Recently I joined my friends from Salon Moxi for an all girl camping trip in the San Juan Islands. This is why I love them: instead of a weekend at a spa getting pampered, we all consider a good time to be taking a break from technology and getting back to basics in gorgeous natural surroundings.
I highly recommend and advocate that everyone do this at least once a year, if not more. The lessons you learn while being away from screens and getting back in tune with your primal needs are ones you can’t get any other way. Plus everything tastes better when cooked over a campfire. EVERYTHING!
It turned out to be slightly harder than we all thought because our campsite was a walk-in. This means you park your car and carry all of your gear in and out to your actual camp site. The campground’s website said it was 200 yards in. We were like, ok, no big deal, thinking it was going to be a flat walk from the looks of the map. Wrong. The 200 yards was a very steep switch back trail, with trolley carts to roll our gear down and up. Down was difficult enough, but pulling heavy loads back up was the real challenge on the last day. All 4 of us had to channel our inner workhorse to get these carts back up. We did eventually defeat those hills, each of us taking a turn, and man I’ve never felt more proud of myself and my comrades.
This challenge reminded me of one of the most valuable lessons when you strike out and work on your own:
When you are blazing your own path, there will be problems that seem insurmountable, but no one else is around to help. This means you figure out a solution and get it done.
On the way home I started noticing the parallel between the skills you use when out of your usual element and the ones you need to remember as an entrepreneur every day of your life.
I wanted to share a few of the lessons from my trip. I hope you can apply them to your daily business routines.
Plan accordingly, or you’re going to have a bad time
I can’t tell you how many camping trips I’ve taken where I forgot that ONE thing that would have made a huge difference in my overall fun and comfort. The right clothing layer, the coffee percolator, or some rope. Now I start making a list weeks before so I can add to it as I think of things. Rarely do we think of every situation that could happen all at once. Prepare items and purchase what is needed well in advance of packing, don’t save it for the night before!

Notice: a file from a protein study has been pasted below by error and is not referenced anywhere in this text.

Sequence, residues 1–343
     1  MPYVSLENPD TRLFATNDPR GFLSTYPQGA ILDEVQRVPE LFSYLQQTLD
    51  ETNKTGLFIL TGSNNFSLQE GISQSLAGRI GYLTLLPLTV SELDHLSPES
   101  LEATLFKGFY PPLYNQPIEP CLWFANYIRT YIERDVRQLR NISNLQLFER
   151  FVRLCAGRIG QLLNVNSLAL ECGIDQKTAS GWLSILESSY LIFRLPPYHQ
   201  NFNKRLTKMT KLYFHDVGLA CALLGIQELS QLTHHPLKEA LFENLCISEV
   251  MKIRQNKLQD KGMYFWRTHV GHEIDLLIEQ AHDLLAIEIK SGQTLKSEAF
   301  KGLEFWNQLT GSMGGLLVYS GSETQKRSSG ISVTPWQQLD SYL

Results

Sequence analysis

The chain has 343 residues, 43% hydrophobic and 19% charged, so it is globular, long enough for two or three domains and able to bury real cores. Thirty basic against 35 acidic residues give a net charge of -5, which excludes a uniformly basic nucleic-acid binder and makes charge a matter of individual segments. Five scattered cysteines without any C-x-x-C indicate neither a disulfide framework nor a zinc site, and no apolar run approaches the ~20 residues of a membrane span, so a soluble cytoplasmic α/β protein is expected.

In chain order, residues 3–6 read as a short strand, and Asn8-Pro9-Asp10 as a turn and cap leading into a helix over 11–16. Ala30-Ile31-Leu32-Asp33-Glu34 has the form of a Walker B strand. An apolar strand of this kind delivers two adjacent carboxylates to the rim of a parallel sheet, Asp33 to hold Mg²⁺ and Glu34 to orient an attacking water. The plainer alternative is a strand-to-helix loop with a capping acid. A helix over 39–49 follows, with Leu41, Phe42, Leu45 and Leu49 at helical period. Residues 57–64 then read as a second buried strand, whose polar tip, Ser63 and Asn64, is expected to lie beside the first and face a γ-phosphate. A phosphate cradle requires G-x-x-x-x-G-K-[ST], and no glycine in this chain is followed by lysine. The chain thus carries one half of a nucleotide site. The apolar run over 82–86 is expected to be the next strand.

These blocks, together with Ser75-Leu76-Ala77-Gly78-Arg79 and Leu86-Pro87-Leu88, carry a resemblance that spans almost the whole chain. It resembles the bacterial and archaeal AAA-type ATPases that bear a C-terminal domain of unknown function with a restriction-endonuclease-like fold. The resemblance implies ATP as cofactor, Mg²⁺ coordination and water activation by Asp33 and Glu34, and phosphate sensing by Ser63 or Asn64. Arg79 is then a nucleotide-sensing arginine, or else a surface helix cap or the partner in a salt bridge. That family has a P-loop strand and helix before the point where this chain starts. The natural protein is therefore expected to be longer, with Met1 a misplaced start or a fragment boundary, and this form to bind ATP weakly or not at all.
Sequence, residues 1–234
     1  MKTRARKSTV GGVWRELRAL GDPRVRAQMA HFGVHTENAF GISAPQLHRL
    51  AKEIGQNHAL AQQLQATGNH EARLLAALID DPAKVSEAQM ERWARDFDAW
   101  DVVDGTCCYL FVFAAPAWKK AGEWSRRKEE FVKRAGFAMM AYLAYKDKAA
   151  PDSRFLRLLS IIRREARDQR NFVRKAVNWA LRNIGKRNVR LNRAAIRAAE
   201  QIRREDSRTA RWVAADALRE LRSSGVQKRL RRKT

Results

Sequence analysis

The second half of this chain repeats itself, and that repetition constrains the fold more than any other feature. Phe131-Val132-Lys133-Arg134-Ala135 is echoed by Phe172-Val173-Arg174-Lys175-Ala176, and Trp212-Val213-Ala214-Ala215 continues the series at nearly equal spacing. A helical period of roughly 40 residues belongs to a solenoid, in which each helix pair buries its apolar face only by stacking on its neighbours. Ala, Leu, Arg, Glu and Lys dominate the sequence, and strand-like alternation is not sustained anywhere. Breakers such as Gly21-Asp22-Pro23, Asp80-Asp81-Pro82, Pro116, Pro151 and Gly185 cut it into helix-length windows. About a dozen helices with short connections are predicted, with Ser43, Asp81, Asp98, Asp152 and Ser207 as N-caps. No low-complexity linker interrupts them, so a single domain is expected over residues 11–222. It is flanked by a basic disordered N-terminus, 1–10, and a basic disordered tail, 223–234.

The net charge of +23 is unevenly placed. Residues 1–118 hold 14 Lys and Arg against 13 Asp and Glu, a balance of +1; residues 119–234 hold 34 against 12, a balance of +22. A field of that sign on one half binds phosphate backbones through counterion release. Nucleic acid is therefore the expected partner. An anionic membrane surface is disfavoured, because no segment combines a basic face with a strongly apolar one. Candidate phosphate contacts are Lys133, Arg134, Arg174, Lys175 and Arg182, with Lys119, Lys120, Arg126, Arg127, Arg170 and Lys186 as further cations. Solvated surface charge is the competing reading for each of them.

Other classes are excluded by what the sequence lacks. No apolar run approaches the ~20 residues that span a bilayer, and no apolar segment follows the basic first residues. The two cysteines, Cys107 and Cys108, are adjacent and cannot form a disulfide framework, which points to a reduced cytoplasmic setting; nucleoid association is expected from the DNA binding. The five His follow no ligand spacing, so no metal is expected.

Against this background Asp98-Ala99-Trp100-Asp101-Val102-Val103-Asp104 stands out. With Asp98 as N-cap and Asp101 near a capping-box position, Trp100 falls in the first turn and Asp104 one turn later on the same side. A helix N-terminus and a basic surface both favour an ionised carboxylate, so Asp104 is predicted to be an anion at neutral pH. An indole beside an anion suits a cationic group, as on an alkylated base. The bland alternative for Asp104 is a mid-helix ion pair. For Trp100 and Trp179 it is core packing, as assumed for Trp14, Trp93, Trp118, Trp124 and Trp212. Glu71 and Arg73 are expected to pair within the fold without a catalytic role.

The lesson for daily life: When starting a new business venture or project, make a list early and take well documented notes as you go. Use a task list app like Asana and add detailed notes in the comments about what you are thinking about that very second. It could be hard to recall later! Save ideas and compile them in Evernote to recall later when it’s time to execute your plan.
When out of your routine, you are forced to use your problem solving skills and improvise
We can’t account for and be prepared for everything, that’s life after all! My favorite part about setting up shelter and cooking on an open fire is the improvisation that is inevitable when you are out in the elements and away from home. There will always be something you didn’t think about because we are usually in houses supplied with innumerable tools and gadgets to help us out. Don’t have tongs to turn the food on the grill? Use sticks! Don’t have a heat-safe bowl to cook vegetables in over the fire? Make one out of foil! Forgot your pillow? Roll up extra clothes and stuff them into a T-shirt.
The lesson for daily life: This is probably the lesson we need most for the everyday as entrepreneurs because you never know what will be thrown at you to deal with. Heck, it’s the defining factor that makes us strike out on our own in the first place. Practice keeping a calm head and just looking around for the most logical alternative solution when the next challenge arises. It could be something you never thought of before.
Sometimes there is just nothing to do, and that’s a beautiful thing
This is a foundation lesson in zen practice, the art of doing nothing. One suggestion is to take an entire day to do absolutely nothing and be mindful about every little thing you do. When you brush your teeth, brush your teeth. When you eat your food, eat your food, and so on. Having nothing to do forces us to be present and helps our minds slow down to a natural pace. Leo Babauta elaborates on this concept beautifully. When away from screens and an endless to-do list, this gives you ample opportunity to have even an hour of time when you are just sitting in the forest or the beach. Just….sitting.
The lesson for daily life: Remember to meditate for at least 10 minutes a day, go for a quiet walk, or simply stare out the window and let your mind wander. Take entire afternoons, especially when your mind is full, and just sit and read or think. Clearing up this mental space is essential to doing great work later and not burning out.
Oh, and be sure to watch the Fire Show at night, it’s riveting! Nothing like that on TV!
I hope you found these observations helpful and can incorporate them into your daily routines! Are there any lessons you’ve learned from getting away from your routine that helped you be a better entrepreneur? Leave a comment and tell me about it!
campfire photo credit: meghla_akashe_pori_:)